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Court of Appeal Decision on NPPF Para 11d Outdated Policies

Richard Honey

The Court of Appeal has handed down its decision in the case of Peel Investments v Secretary of State for Housing, Communities & Local Government [2020] EWCA Civ 1175.  The two issues arising on the appeal were (1) the correct interpretation of the term “out-of-date” in paragraph 11d of the National Planning Policy Framework (NPPF), and (2) the proper application of policies contained within local plans which are time-expired or lack policy in respect of the strategic issue of housing supply.  

The Court of Appeal endorsed the position of the Secretary of State in the appeal, concluding:

  • there is nothing in paragraph 11d of the NPPF to suggest that the expiry of the plan period automatically renders the policies in the plan out-of-date
  • the careful and precise analysis of paragraph 14 of the 2012 NPPF carried out by Lindblom J (as he then was) in Bloor Homes was correct and applies to the revised terms of the presumption in favour of sustainable development in paragraph 11d of the 2018/2019 NPPF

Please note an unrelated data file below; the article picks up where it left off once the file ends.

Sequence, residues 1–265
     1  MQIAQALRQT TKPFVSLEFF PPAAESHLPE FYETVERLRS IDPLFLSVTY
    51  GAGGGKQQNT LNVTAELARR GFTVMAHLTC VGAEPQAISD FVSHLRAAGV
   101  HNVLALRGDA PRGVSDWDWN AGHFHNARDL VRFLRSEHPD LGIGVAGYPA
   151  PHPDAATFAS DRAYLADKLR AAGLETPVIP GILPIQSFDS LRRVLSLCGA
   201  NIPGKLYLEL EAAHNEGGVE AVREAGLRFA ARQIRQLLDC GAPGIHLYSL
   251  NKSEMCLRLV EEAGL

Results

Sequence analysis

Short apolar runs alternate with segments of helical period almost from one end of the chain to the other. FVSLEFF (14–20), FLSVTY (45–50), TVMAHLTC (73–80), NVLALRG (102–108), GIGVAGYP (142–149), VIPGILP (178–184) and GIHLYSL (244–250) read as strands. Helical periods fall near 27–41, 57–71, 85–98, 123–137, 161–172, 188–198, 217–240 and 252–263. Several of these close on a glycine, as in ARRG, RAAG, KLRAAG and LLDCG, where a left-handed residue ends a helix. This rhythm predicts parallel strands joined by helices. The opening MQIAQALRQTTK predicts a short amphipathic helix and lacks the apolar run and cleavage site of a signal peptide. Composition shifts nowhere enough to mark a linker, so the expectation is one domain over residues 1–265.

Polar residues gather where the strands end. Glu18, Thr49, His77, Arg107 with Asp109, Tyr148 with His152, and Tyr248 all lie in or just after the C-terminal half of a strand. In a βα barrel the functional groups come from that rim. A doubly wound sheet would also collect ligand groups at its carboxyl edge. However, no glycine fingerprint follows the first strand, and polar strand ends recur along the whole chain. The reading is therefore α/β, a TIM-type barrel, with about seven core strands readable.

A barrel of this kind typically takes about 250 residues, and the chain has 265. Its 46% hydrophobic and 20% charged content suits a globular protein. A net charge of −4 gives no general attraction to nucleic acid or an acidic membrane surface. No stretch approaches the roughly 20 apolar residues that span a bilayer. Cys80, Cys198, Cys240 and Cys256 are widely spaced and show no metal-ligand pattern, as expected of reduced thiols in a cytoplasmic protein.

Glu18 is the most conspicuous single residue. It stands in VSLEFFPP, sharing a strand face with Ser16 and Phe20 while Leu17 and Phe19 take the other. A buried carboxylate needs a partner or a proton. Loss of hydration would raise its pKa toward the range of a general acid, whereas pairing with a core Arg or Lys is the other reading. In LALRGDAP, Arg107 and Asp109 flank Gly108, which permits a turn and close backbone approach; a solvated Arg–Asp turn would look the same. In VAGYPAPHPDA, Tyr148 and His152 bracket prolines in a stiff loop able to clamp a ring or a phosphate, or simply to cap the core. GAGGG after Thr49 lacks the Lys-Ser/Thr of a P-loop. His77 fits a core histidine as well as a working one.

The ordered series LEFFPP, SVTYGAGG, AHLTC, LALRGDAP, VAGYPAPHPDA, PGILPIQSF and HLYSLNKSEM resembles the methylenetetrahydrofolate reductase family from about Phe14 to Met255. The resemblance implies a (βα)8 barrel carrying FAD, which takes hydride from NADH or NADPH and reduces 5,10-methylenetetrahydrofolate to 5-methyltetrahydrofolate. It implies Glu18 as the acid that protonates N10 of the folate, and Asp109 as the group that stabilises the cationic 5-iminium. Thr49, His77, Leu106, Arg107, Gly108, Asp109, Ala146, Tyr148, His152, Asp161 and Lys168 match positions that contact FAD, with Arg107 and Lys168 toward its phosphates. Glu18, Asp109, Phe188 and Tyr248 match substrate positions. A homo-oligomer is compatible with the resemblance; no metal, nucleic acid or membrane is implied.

• policies are out-of-date for the purposes of paragraph 11d of the NPPF if they have been overtaken by things that have happened since the plan was adopted, either on the ground or through a change in national policy, or for some other reason, so that they are now out-of-date
  • whether a policy is out-of-date and, if so, with what consequences, are matters of pure planning judgement, not dependent on issues of legal interpretation
  • a plan without strategic housing policies is not automatically out-of-date for the purposes of paragraph 11d
  • although a local plan is intended to present as a coherent suite of policies, that objective is not inconsistent with the inclusion of some environmental protection policies being intended and designed to operate on a longer timescale than the plan period
  • it is obvious that many policies will not expire with the plan but, rather, will survive beyond the plan period

The Secretary of State submitted that whether a policy has been overtaken by events that have occurred since it was adopted was a question related to the substance of the policy, and not merely a function of time passing, and also that the appropriate way to consider whether a policy has been overtaken by a change in national policy is to consider, in line with paragraph 213 of the NPPF, the policy’s degree of consistency with the NPPF.  

Richard Honey appeared for the successful Secretary of State, instructed by the Government Legal Department.